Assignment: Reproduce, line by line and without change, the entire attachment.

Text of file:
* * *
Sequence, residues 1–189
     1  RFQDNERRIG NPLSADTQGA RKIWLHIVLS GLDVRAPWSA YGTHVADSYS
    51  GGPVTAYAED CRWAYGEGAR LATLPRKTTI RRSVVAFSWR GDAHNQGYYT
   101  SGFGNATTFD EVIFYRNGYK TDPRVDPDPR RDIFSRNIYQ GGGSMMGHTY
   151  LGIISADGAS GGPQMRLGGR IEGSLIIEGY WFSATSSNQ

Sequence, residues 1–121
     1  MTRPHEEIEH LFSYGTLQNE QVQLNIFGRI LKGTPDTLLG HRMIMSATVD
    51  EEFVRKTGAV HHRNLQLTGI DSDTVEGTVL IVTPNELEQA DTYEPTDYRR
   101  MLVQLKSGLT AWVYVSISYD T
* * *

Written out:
Sequence, residues 1–189
     1  RFQDNERRIG NPLSADTQGA RKIWLHIVLS GLDVRAPWSA YGTHVADSYS
    51  GGPVTAYAED CRWAYGEGAR LATLPRKTTI RRSVVAFSWR GDAHNQGYYT
   101  SGFGNATTFD EVIFYRNGYK TDPRVDPDPR RDIFSRNIYQ GGGSMMGHTY
   151  LGIISADGAS GGPQMRLGGR IEGSLIIEGY WFSATSSNQ

Sequence, residues 1–121
     1  MTRPHEEIEH LFSYGTLQNE QVQLNIFGRI LKGTPDTLLG HRMIMSATVD
    51  EEFVRKTGAV HHRNLQLTGI DSDTVEGTVL IVTPNELEQA DTYEPTDYRR
   101  MLVQLKSGLT AWVYVSISYD T